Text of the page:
Under the quaint heading ‘The Theatrograph’, I found that there were to be exhibited that day two sets of living, or at least moving pictures, one at the Polytechnic in the afternoon and the other at a conversazione in the evening. The chance of comparing these two inventions was not a think to be missed, and I decided that I must be present at both entertainments.
I had, of course, like everyone else, read the graphic description of the cinématographe [misspelled as cimetographe], and I was accordingly prepared for most of what I saw at the Regent Street show. The movements were for the most part wonderfully lifelike, especially the slower and more uniform motions. Some of the more quickly moving figures were very jerky… I am told that it was due to the imperfect working of the mechanism, and that it will be set right in due course.
In the evening I attended the conversazione at the City and Guilds Technical College, with the full expectation of seeing the cimetographe equalled, if not surpassed by Mr Paul’s Theatrograph. I was the more inclined in favour of the latter, in that the details of the mechanism had been shown to me, while Messrs. Lumière et Fils carefully conceal their method of work. An accident, for which Mr Paul is in no way responsible, prevented any satisfactory comparison being possible. The lantern was mounted on an unsteady support, and on the hand-wheel being turned to bring successive films into view, the whole picture joggled up and down on the screen… So far as it is possible to mentally eliminate the superposed motion, I incline to think there is little to choose between the processes.
Lightning, the Popular and Business Review of Electricity, 27 Feb 1896 [discovered by Richard Brown, quoted by John Barnes, The Beginnings of the Cinema in England, vol 1, 1976/1998]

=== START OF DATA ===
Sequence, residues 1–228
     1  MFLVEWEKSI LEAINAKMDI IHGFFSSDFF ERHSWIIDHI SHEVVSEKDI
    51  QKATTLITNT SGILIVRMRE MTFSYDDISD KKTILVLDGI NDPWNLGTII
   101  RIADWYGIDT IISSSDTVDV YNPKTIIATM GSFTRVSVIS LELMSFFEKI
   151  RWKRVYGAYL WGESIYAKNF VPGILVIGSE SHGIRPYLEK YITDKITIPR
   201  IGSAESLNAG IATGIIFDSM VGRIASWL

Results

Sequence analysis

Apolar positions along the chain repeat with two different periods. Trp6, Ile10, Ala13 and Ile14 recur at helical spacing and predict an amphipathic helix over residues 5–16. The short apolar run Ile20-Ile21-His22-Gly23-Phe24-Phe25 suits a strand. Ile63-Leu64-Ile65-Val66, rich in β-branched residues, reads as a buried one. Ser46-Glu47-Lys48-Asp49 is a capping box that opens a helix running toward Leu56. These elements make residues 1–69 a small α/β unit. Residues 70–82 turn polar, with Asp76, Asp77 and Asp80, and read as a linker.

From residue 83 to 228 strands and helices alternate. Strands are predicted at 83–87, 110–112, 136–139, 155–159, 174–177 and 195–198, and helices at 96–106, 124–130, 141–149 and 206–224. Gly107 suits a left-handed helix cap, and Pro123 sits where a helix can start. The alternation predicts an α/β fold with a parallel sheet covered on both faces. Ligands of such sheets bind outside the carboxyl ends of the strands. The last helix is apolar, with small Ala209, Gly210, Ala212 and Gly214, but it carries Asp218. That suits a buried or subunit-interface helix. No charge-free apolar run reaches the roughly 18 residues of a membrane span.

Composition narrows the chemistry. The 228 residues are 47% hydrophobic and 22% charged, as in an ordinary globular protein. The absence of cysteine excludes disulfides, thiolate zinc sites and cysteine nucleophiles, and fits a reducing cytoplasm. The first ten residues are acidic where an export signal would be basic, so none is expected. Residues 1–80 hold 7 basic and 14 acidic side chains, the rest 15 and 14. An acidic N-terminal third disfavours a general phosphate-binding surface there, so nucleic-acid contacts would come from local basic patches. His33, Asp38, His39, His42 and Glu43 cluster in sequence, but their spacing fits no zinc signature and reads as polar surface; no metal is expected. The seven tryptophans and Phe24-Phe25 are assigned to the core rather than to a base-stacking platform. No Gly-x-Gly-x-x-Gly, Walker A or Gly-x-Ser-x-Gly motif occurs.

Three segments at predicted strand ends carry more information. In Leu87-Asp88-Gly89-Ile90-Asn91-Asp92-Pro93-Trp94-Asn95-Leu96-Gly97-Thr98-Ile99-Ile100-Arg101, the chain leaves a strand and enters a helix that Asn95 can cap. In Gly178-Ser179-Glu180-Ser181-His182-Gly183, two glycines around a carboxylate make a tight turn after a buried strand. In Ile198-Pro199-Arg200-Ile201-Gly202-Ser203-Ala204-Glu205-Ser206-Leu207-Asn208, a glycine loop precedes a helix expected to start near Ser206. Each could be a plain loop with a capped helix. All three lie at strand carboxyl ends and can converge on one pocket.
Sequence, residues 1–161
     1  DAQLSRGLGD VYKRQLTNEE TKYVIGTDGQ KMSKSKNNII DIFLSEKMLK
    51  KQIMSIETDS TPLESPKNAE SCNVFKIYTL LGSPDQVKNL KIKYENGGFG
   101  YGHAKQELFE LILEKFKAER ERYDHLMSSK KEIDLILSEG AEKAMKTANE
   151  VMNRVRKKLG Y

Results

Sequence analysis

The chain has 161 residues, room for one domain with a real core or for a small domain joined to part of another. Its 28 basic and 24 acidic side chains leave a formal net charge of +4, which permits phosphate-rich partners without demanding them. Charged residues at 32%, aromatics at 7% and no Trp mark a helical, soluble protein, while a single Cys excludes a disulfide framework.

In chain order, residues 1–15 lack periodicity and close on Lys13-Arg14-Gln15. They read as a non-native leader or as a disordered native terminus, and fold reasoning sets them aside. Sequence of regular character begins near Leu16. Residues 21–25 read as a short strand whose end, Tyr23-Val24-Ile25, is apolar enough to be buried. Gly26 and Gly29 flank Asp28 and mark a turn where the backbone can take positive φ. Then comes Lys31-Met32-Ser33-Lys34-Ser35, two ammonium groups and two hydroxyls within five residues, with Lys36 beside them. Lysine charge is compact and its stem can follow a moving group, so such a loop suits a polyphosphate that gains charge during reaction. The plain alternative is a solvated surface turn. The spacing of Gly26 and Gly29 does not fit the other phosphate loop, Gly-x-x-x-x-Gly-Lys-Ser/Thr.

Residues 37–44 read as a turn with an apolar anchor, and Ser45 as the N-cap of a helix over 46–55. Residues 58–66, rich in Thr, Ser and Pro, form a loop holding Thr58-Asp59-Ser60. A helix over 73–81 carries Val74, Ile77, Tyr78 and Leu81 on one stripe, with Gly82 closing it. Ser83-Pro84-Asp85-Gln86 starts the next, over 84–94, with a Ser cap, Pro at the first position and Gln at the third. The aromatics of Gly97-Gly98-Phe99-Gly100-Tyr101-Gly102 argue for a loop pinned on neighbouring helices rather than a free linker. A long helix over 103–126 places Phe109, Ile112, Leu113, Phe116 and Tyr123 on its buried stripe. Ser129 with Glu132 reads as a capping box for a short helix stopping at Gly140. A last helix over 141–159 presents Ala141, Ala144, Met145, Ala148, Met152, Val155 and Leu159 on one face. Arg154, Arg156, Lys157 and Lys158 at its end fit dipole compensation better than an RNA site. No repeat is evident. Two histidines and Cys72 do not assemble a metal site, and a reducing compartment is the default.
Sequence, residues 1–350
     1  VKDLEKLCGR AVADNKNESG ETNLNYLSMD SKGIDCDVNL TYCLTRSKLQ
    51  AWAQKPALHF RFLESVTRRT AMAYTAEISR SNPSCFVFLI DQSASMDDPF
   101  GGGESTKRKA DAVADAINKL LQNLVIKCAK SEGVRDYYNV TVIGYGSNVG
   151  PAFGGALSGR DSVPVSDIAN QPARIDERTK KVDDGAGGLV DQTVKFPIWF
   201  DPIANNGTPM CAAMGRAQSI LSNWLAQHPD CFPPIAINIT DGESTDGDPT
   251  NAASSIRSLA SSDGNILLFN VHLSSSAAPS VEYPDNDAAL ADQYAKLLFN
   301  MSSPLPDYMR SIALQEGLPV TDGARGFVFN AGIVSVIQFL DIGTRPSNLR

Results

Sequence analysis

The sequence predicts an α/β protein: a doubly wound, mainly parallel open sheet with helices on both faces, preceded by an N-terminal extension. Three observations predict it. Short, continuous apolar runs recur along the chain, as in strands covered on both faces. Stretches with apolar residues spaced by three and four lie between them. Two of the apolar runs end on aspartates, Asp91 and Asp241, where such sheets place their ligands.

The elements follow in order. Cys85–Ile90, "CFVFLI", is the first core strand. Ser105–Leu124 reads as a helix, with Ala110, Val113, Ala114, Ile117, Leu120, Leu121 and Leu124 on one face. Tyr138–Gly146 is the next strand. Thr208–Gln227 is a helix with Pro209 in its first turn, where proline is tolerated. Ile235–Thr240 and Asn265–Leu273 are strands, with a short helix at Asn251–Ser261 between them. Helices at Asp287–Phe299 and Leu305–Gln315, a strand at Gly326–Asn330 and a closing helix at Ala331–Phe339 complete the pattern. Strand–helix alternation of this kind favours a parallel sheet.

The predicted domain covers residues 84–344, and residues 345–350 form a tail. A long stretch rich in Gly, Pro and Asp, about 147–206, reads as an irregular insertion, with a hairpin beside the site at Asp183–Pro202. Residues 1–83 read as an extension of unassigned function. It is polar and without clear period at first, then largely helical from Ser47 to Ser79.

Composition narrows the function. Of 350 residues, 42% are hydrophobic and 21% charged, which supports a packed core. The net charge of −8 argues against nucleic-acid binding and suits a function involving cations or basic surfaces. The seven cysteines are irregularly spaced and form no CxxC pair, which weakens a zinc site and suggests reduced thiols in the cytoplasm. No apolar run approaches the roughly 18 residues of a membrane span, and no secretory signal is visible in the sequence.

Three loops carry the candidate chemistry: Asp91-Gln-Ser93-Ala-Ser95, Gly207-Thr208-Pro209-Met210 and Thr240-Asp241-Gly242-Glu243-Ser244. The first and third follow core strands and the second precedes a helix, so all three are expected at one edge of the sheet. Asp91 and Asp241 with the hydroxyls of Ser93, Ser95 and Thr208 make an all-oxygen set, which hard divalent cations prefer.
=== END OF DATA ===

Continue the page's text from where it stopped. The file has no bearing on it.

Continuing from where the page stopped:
Two demonstrations held on 20 February 1896 (a Thursday incidentally) allowed an anonymous correspondent of Lightning to attend the first Lumière and Paul moving picture shows in Britain. Within four weeks the two systems would be competing commercially in Leicester Square, at the neighbouring Empire and Alhambra music halls, while Paul’s Theatrograph was also running at the Olympia Palmarium, advertised there as ‘ Animated pictures in living colours’. Teething problems with both had been eliminated, and the two received equally enthusiastic reviews.
But what did Paul actually show at Finsbury College, and eight days later at the Royal Institution in Albemarle Street? At the second demonstration, we know he included The Boxing Kangaroo and Rough Sea at Dover, which led to ‘a few people being observed dodging the flying foam’ (both films he and Birt Acres had made during their brief partnership in the previous year). Then there was ‘some performers rehearsing a play’ and ‘an acrobat performing with a pole’ (both assumed to be Edison Kinetoscope subjects) and, tantalisingly, ‘various other scenes’ (reported in The Morning, 29 Feb).
The Royal Institution show was obviously more successful that its forerunner, and led to a member of the audience, Lady Harris, telling her husband, Sir Augustus, that he must engage Paul for Olympia. Then Alfred Moul, dynamic manager of the Alhambra, decided he must compete with his Leicester Square rival the Olympia. He proposed that Paul rename the projector Animatographe, and start a residency that would run until the following June, along with nightly shows in at least five other London music halls.
Animated photography was well and truly launched …